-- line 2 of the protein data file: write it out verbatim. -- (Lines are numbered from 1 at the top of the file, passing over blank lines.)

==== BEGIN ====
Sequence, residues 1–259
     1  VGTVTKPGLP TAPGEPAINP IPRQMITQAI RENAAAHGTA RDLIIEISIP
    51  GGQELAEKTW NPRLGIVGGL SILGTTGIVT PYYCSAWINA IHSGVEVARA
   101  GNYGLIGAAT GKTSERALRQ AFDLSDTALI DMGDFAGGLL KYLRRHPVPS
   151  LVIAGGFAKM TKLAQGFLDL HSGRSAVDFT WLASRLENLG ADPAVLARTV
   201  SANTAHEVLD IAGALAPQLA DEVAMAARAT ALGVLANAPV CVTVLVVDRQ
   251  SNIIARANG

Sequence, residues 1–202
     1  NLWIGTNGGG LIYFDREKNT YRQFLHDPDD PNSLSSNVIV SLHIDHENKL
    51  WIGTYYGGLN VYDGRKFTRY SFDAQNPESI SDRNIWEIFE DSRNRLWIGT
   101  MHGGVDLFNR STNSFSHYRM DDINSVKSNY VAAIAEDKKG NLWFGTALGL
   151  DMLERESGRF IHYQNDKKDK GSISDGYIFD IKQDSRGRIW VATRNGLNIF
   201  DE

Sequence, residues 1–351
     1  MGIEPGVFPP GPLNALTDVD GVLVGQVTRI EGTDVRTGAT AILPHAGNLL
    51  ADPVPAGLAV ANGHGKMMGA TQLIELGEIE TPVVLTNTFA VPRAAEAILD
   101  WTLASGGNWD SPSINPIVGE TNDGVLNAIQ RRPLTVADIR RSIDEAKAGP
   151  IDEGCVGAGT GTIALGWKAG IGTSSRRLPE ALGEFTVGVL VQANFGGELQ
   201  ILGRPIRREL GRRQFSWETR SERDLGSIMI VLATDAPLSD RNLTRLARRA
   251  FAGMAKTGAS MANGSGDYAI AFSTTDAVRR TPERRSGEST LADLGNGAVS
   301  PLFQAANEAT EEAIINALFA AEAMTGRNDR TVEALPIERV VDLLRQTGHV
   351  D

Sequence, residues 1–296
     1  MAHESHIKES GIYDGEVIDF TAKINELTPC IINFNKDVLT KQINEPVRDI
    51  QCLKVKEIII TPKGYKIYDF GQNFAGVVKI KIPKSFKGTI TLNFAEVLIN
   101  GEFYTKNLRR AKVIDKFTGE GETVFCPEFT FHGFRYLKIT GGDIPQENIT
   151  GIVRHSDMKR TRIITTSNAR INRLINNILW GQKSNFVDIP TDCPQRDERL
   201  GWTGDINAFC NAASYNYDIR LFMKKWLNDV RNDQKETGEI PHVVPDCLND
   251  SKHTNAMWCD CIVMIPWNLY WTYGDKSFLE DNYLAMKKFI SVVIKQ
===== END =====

     1  VGTVTKPGLP TAPGEPAINP IPRQMITQAI RENAAAHGTA RDLIIEISIP